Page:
Teens abortion has been declining over the last several decades. In the 1970s, the rate of teens abortion went up, but this rate stabilized in the 1980s. Since the 1980s, teens abortion rates have declined considerably, especially in the 1990s. The rate of teens abortion was about 26.5 in 1000 teenagers as of 1990, but this was reduced by 45% to only 14.5 per 1000 teens in 2000.
The incidence of a teens abortion depends greatly on their race. A teen who is black is more likely to have an abortion than a white teen or a Hispanic teen. There are 14.8 abortions per 1000 white teenage girls between the ages of 15 and 19, and 30.3 per 1000 Hispanic teens. However, there are 57.4 abortions per 1000 black teenage girls between the ages of 15 and 19.
The older a teenager gets, the more likely she is to have an abortion if she becomes pregnant unexpectedly. 14.5 per 1000 teens between the ages of 15 and 17 have an abortion. Only 0.9 per 1000 teens under the age of 15 have an abortion. But a whopping 37.7 per 1000 teens between 18 and 19 have abortions.
The reasons teenagers have abortions vary as greatly as the reason why adults have abortions. Mostly, a teens abortion results from an unexpected and unplanned pregnancy. Teens often feel that they are too young to become parents. Or, sometimes they feel that an unplanned pregnancy will greatly interfere with their social life.
Sometimes a teens abortion can be because she wants to complete her education and go on to college. Many teens are concerned about the financial difficulties a child brings. Social factors that cause a teen to seek abortion can be related to religious upbringing, family concerns, and cultural stigma.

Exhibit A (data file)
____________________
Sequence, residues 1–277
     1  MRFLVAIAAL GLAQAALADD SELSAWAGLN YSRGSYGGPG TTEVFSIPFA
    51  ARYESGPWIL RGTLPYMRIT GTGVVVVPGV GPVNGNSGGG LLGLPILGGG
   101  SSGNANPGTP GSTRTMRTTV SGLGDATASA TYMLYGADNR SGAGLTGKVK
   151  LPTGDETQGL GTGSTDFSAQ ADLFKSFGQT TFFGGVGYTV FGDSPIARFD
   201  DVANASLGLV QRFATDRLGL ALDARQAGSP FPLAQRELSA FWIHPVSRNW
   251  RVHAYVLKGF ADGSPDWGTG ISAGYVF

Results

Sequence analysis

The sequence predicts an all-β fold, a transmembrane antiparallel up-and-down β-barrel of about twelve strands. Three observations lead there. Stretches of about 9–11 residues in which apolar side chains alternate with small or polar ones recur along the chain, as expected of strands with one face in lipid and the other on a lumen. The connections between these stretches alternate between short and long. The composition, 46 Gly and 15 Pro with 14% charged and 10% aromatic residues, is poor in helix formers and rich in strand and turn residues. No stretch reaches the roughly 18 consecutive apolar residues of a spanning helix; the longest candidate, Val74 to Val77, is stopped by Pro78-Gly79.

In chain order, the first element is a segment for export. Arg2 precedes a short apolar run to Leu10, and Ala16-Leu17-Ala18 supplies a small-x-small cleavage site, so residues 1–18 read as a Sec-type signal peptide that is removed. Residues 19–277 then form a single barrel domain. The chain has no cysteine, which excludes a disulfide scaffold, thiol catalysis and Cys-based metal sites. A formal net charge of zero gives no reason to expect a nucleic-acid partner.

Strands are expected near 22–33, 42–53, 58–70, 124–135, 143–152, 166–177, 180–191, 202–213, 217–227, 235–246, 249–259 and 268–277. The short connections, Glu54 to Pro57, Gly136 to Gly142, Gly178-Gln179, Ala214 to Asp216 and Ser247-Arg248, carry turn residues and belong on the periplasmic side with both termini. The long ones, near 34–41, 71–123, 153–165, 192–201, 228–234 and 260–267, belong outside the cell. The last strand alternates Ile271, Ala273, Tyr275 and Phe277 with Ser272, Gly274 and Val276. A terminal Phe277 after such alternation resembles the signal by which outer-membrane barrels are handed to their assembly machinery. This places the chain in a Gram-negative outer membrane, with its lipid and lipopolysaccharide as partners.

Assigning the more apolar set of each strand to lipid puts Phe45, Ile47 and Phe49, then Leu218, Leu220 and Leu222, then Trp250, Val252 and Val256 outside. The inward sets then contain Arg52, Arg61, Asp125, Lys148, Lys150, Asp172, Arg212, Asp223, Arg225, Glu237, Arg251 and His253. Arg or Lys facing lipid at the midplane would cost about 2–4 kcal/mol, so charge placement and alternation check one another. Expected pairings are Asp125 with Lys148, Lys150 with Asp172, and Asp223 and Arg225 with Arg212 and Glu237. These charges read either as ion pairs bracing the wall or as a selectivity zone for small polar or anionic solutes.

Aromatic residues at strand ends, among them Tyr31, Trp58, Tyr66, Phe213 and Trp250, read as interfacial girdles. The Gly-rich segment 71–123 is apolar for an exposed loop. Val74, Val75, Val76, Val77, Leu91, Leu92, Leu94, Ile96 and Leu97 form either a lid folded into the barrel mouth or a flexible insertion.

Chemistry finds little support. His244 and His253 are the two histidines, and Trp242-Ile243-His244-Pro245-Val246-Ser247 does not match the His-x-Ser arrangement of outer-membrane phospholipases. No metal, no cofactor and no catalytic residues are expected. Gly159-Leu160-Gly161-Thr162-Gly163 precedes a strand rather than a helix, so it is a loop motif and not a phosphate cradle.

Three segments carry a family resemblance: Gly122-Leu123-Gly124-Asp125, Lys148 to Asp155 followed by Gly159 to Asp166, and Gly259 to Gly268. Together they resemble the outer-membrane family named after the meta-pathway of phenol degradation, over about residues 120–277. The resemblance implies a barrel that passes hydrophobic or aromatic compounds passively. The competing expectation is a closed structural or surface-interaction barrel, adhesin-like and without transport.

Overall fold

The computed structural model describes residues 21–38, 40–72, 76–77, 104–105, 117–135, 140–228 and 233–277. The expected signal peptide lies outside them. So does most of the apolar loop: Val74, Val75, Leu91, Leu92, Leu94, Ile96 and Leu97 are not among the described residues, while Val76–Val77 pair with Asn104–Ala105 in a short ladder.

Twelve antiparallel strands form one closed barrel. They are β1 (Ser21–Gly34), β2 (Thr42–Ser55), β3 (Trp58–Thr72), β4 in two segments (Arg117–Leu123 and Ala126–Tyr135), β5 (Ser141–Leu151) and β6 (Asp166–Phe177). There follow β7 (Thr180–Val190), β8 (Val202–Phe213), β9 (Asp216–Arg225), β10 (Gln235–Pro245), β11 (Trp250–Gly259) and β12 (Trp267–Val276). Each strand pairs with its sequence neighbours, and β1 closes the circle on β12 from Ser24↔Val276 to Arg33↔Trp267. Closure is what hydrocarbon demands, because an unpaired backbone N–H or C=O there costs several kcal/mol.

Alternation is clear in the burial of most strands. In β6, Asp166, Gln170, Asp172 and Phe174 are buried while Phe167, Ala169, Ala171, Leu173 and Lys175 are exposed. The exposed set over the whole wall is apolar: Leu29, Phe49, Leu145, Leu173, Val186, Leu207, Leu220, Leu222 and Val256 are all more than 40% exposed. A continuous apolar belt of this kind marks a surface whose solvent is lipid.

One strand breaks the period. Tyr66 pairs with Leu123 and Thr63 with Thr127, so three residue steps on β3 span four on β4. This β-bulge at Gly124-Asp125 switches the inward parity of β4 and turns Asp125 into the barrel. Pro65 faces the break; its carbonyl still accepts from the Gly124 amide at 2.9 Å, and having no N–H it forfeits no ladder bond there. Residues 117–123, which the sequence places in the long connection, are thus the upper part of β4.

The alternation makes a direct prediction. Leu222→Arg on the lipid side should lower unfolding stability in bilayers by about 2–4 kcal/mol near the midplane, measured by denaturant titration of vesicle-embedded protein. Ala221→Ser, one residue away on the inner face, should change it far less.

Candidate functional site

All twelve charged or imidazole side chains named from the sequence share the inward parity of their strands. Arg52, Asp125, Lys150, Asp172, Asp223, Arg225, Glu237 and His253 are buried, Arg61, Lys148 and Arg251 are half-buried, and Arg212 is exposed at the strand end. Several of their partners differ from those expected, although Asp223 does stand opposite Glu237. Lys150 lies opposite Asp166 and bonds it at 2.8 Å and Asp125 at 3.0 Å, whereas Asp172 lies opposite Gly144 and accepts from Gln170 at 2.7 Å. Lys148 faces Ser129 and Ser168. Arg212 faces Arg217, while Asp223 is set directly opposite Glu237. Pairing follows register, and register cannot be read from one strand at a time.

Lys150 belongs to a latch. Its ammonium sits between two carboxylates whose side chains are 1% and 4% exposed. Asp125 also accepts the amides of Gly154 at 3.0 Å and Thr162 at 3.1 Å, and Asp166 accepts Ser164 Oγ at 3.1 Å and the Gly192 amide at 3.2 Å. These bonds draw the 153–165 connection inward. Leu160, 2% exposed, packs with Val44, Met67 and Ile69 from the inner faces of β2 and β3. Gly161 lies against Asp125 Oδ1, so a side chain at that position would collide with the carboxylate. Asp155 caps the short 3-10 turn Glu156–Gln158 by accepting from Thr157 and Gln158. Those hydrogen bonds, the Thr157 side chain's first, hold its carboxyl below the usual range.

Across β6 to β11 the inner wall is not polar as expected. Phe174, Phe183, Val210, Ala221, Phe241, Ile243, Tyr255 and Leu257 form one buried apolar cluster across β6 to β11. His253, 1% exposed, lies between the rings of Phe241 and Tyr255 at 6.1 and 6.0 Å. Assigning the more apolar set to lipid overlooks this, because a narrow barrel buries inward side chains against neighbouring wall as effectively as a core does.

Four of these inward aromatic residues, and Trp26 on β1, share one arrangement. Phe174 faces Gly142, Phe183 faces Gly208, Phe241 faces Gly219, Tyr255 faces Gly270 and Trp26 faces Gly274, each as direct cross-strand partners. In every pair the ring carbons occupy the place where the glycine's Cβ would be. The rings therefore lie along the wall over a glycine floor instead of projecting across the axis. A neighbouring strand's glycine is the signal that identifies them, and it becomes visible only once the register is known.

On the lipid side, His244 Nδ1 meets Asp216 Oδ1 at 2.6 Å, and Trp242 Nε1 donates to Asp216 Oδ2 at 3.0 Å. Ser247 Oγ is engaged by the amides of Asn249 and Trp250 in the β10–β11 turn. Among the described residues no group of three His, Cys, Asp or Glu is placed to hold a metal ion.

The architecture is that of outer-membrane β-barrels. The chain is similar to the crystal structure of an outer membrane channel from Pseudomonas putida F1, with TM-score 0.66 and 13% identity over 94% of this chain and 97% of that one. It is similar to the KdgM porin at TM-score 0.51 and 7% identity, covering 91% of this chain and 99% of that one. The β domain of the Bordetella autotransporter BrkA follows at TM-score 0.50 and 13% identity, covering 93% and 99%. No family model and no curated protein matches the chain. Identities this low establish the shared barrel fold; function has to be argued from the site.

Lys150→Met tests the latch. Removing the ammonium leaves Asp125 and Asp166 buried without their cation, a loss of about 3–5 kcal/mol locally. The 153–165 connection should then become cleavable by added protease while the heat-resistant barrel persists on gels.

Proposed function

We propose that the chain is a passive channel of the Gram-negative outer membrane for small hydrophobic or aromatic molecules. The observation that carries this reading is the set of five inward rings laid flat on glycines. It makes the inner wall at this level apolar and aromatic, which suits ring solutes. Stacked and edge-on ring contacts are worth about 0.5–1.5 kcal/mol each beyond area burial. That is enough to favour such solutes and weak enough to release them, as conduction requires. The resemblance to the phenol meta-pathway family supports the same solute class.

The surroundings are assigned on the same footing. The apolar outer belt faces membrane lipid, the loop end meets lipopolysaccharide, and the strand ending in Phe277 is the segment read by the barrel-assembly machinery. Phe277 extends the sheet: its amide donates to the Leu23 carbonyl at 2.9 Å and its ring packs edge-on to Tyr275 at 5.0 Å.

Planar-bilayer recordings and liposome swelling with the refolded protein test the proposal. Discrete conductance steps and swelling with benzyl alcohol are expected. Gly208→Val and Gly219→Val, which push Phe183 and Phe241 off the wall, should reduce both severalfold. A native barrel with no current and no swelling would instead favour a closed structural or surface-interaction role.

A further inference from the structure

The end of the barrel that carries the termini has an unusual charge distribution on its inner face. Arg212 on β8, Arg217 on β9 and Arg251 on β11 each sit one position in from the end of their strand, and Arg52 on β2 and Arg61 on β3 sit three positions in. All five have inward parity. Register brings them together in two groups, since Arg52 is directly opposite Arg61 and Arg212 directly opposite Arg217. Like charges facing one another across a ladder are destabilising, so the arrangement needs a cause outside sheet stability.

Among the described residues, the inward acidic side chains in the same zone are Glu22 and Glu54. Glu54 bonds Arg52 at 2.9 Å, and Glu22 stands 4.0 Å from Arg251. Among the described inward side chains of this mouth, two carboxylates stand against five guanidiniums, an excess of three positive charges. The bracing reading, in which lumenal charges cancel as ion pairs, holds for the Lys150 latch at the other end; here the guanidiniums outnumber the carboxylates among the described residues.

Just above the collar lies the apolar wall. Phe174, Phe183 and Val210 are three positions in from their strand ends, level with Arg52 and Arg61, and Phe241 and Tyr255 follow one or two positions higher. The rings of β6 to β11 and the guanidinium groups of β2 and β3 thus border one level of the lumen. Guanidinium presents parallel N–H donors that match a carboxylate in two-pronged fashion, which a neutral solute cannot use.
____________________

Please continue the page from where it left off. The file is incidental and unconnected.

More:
The medical effects of teenage parenthood can be considered even more detrimental to the teenager than abortion itself. There is a high incidence of premature birth in teenage girls, and of low birth weight. Bad nutritional habits on teenage girls can take a toll on the fetus. Malnutrition due to efforts at weight loss during pregnancy – including but not limited to starvation, purging, and dieting – cause problems not only with the mother, but also with the unborn child.
There are often complications with the births of children to teenage girls, and in developed countries this can usually be remedied by cesarean section. However, in underdeveloped countries, complications such as eclampsia and obstetric fistula are possibilities. Also, the rate of infant mortality and maternal mortality are much greater in teen pregnancies.